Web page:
Responses to active airguns were greater during those seismic surveys
with large volume airgun arrays than those with smaller volumes
Range states (Hammond et al. 2008):
Belgium; Canada; Denmark; Faroe Islands; France; Germany; Greenland;
Iceland; Ireland; Netherlands; Norway; Russian Federation; Sweden;
United Kingdom; United States of Amrica.
The North and Baltic Sea populations are listed in Appendix II
of CMS. However, white-beaked dolphin abundance seems also to vary
throughout the year off north-eastern North America, suggesting
possible seasonal migrations. Therefore this stock (Range states
US and Canada) should also be included in CMS App. II.
IUCN Status: "Least Concern" (Hammond et al. 2008). The
species is listed in Appendix II of CITES
According to JNCC (2007) the species is expected to survive and
prosper. However, sudies of genetic variability of white-beaked
dolphins show that its populations are highly vulnerable; the extremely
low nucleotide diversity is probably due to a reduction in population
sizes in the past, combined with the restricted habitat of this
species to coastal areas highly affected by human activities (for
example pollution and/or fisheries). It should be a priority to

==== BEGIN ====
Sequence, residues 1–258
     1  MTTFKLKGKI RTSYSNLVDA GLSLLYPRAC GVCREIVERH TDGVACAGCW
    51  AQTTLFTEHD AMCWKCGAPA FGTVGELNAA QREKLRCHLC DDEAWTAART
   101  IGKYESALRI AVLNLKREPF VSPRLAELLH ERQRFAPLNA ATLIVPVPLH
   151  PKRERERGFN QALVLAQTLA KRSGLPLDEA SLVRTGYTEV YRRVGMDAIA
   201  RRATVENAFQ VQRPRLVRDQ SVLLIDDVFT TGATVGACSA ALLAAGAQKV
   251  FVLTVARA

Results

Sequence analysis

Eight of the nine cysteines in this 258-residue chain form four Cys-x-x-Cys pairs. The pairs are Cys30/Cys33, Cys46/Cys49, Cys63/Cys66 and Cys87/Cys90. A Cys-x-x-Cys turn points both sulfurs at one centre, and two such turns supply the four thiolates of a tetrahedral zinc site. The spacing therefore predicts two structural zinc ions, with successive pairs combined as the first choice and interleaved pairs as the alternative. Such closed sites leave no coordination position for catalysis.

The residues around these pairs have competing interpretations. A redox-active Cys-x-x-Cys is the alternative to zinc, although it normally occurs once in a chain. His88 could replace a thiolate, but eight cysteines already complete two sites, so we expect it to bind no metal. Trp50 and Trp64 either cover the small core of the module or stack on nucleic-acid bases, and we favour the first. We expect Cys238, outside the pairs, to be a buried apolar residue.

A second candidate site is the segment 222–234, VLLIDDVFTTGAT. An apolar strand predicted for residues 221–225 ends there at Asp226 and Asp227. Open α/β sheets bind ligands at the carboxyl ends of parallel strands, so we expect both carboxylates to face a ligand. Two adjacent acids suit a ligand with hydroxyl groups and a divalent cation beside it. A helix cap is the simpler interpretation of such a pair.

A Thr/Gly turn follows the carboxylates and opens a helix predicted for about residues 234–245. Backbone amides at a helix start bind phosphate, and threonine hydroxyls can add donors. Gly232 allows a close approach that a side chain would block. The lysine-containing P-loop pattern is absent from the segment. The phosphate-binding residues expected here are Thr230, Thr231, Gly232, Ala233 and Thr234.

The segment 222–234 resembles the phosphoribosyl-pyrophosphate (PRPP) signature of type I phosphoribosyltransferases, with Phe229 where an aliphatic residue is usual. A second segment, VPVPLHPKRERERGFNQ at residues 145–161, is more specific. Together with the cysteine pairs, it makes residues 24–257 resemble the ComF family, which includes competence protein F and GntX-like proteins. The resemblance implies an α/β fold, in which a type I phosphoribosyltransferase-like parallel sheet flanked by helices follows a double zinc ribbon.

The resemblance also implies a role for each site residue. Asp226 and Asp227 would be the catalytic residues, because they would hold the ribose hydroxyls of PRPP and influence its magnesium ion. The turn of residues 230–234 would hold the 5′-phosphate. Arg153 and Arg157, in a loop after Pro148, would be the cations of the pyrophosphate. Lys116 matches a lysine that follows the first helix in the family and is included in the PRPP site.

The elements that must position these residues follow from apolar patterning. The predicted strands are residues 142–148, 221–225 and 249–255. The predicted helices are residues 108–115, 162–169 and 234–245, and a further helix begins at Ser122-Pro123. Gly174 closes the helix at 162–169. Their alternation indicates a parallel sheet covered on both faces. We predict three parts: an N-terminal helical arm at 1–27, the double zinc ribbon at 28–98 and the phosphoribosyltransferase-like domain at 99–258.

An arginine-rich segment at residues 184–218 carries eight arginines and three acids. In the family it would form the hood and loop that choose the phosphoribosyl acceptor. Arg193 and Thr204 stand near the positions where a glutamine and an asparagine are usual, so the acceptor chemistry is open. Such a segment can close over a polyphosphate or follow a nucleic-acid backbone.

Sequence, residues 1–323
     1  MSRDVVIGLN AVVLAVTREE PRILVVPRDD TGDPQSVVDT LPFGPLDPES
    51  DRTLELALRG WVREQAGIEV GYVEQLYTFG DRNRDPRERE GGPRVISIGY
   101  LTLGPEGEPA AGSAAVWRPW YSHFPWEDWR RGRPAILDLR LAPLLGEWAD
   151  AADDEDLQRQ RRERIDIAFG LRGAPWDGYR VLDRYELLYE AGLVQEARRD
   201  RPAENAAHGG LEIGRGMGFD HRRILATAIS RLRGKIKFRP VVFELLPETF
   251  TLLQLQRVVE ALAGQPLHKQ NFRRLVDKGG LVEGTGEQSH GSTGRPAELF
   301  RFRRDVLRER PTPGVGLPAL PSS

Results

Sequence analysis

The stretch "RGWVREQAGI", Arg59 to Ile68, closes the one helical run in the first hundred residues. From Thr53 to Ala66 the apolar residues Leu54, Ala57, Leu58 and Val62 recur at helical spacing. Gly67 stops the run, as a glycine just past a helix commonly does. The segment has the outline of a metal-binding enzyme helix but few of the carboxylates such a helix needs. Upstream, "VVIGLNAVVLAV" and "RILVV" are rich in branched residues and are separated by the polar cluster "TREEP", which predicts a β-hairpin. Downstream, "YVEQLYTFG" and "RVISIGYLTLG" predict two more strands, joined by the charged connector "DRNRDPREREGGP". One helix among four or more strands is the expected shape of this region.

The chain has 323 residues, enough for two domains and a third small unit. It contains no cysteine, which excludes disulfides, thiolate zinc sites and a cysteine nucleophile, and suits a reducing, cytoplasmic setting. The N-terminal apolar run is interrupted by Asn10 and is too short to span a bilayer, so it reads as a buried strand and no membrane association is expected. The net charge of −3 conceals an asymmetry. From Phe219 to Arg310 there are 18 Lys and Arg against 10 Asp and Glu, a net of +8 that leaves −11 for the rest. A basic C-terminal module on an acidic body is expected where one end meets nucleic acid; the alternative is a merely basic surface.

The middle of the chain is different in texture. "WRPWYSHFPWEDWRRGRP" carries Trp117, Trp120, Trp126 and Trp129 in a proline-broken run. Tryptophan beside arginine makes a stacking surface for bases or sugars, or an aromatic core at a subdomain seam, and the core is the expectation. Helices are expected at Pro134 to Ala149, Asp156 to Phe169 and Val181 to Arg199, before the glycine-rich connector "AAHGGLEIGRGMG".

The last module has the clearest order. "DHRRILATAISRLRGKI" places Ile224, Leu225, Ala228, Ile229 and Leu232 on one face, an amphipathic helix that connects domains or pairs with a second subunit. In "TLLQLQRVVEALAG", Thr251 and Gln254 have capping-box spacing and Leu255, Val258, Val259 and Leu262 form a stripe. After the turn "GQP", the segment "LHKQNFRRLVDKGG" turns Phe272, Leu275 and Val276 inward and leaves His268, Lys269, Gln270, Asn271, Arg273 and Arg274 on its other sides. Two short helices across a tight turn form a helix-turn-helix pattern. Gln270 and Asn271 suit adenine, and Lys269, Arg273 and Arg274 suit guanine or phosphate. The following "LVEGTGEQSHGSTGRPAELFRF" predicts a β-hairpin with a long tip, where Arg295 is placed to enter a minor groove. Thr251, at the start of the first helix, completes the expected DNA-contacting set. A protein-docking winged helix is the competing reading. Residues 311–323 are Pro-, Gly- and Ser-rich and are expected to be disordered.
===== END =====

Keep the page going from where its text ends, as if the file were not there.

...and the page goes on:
study and protect populations of L. albirostris on both sides
of the North Atlantic (Evans and Teilmann, 2009).
· Alling AK, Whitehead HP (1987) A preliminary study of
the status of white-beaked dolphins, Lagenorhynchus albirostris,
and other small cetaceans off the coast of Labrador. Can Field Nat
· Banguera-Hinestroza E, Bjørge A, Reid RJ, Jepson
P, Hoelzel AR (2009) The influence of glacial epochs and habitat
dependence on the diversity and phylogeography of a coastal dolphin
species: Lagenorhynchus albirostris. Cons genetics 11: 1823-1836.
· Canning SJ, Evans PG, Santos MB, Reid RJ, Pierce GJ (2005)
Distribution of and habitat use of white-beaked dolphins (Lagenorhynchus
albirostris) along the Aberdeenshire (UK) coastline, with new
information on diet. Theme Session on Marine Mammals: Monitoring
Techniques, Abundance Estimation, and Interactions with Fisheries
(R). ICES Council Meeting Documents. Copenhagen. no. 2005.
· Carwardine M (1995) Whales, dolphins and porpoises. Dorling
Kindersley, London, UK, 257 pp.
· De Haan D-d, Dremiere PY, Woodward B, Kastellein R, Amundin
M, Hansen K (1998) Prevention of by-catch of small cetaceans in
pelagic trawls by technical means. Third European Marine Science
and Technology (Mast) Conference, Lisbon, 23 27 May 1998: Project
Synopses Vol 5: Fisheries and Aquaculture, pp. 262-266.
· Evans PGH, Teilmann J (2009) ASCOBANS/HELCOM Small Cetacean
Population Structure Workshop. ASCOBANS; Bonn, Germany, 141 pp.
· Hammond PS, Bearzi G, Bjørge A, Forney K, Karczmarski
L, Kasuya T, Perrin WF, Scott MD, Wang JY, Wells RS, Wilson B (2008)
Lagenorhynchus albirostris. In: IUCN 2009. IUCN Red List
of Threatened Species. Version 2009.2. <www.iucnredlist.org>.
· Hammond PS, Berggren P, Benke H, Borchers DL, Collet A,
Heide-Joergensen MP, Heimlich S, Hiby AR, Leopold MF, Oeien N (2002)
Abundance of harbour porpoise and other cetaceans in the North Sea
and adjacent waters. J Appl Ecol 39: 361-376.
· Hammond PS, Macleod K (2006) SCANS II - Report on Progress.
Document Paper prepared for ASCOBANS 5th Meeting of the Parties,